The active ownership actions are listed below:
  1. Voting at Shareholder meeting
  2. Filing complaints with regulatory/authority
  3. Active Dialogue with company representatives
  4. Raising questions during Q&A at the general meeting for shareholders.
  5. Issuing press releases
  6. Positioning to gain board representation

ESG Integration
It refers to systematically integrating ESG factors in the valuation model based on the risk and opportunities relevant to the industry. It does not mean selecting the best in an industry or sector based on the ESG or neither excluded as in exclusionary screening strategy. For Anglo American, a mining company, RobecoSAM adjusted the operating cost by 400 bps which reduced margins by 80bps due to inadequacies in management of occupational health and safety at its platinum mining sites and issues related to labour wages and strikes, which reduced the target price by 7%. Additionally, they increased (adjusted) the weighted average cost of capital (discount rate) by 50 bps which reduced the target price by 12%. Cumulative reduction in the target price by 19%.

Sustainability Accounting and Standard Board (SASB) has categorised the above-mentioned material ESG factors based on the industry. It is difficult to know the factors that are relevant to each industry, therefore SASB has simplified by identifying (materiality map) the financially material issues that are likely to impact the financial and operating performance of a company and are important from investors point of view(98).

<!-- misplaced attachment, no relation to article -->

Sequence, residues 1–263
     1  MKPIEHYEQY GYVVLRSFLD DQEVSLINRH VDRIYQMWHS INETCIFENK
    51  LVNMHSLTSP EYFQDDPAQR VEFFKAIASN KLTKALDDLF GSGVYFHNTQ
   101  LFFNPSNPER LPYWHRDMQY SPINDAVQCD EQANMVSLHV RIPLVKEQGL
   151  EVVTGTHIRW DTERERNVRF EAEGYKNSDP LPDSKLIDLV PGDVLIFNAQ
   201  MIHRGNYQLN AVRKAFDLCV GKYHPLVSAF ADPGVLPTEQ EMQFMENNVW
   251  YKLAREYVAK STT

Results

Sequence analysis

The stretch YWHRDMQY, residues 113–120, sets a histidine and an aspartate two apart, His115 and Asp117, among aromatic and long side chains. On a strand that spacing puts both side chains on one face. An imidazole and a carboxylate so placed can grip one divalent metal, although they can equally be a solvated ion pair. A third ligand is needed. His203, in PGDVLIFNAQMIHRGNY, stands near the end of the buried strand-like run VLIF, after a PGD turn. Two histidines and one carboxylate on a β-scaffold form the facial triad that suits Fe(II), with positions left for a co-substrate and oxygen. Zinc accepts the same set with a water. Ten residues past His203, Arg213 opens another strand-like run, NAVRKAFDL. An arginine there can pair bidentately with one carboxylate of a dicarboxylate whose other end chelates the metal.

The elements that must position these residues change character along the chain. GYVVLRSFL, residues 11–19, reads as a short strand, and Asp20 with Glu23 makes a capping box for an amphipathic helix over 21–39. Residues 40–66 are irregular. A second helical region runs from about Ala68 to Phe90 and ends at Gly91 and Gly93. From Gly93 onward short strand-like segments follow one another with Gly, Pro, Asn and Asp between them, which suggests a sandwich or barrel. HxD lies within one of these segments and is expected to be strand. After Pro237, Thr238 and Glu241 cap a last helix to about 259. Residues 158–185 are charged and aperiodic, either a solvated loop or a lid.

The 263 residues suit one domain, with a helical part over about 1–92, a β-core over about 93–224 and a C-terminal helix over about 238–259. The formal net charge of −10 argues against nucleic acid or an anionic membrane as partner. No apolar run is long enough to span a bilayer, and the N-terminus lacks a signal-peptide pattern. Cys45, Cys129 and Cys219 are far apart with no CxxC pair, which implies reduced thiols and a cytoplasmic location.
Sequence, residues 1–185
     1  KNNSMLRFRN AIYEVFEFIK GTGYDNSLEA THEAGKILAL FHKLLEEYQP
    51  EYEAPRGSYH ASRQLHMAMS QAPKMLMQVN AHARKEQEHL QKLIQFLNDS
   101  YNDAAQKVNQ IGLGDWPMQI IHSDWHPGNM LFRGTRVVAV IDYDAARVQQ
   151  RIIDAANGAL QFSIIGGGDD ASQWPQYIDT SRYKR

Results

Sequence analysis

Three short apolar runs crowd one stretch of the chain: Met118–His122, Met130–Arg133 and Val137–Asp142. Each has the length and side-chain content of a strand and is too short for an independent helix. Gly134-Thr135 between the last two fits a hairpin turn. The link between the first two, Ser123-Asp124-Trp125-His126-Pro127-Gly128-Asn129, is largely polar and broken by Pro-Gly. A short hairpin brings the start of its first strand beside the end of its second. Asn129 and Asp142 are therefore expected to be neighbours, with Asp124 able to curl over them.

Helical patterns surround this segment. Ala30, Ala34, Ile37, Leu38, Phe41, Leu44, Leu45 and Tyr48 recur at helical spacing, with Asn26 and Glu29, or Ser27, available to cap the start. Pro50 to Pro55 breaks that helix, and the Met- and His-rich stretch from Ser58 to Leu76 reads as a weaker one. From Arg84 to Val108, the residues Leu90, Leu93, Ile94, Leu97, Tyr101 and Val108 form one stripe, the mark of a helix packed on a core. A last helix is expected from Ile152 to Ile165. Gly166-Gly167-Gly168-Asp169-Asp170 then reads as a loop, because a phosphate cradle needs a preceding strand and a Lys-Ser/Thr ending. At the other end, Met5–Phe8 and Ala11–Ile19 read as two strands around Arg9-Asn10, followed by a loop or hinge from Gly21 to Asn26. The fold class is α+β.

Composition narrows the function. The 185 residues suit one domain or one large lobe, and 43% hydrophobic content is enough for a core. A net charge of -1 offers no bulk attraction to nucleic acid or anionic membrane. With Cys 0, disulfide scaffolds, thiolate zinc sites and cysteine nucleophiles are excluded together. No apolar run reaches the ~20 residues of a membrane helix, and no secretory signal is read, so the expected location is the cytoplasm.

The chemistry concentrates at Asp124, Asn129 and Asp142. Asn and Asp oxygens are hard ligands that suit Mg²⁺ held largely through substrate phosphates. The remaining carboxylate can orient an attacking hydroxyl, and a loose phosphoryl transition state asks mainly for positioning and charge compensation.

(98)Sustainability Accounting and Standard Board https://www.sasb.org/standards/materiality-map/
Material ESG Factors used for Equity Analysis (87)
ESG Integration in Fundamental Strategies

Forecasted Financials
Revenue – Income Statement Adjustment
Revenue forecasts are drawn depending on an industry’s growth and whether the company is gaining or losing its market share. ESG factors are then integrated in these future projections to reflect the risk and opportunities depending on the investment level by increasing or decreasing the revenue growth rate.

Operating Cost, Operating Profit and EBIT Margin – Income Statement Adjustment
Based on the Influence of E, S, or G or combination of ESG factors, an investor can make assumption to increase or decrease future operating cost or adjust them directly. Or can chose to adjust the operating margin. Studying the trend of the ESG data, the investor can forecast the operating cost explicitly depending on the data disclosed by the companies.

Example: High operating costs in case of high employee turnover or reduced operating margin due to high fatality rates or increased costs due to changes in legislation. i.e., Social Factor influencing the adjustments in the Income statement.

Asset Book Value – Adjustment to Statement of Financial Position (Balance Sheet)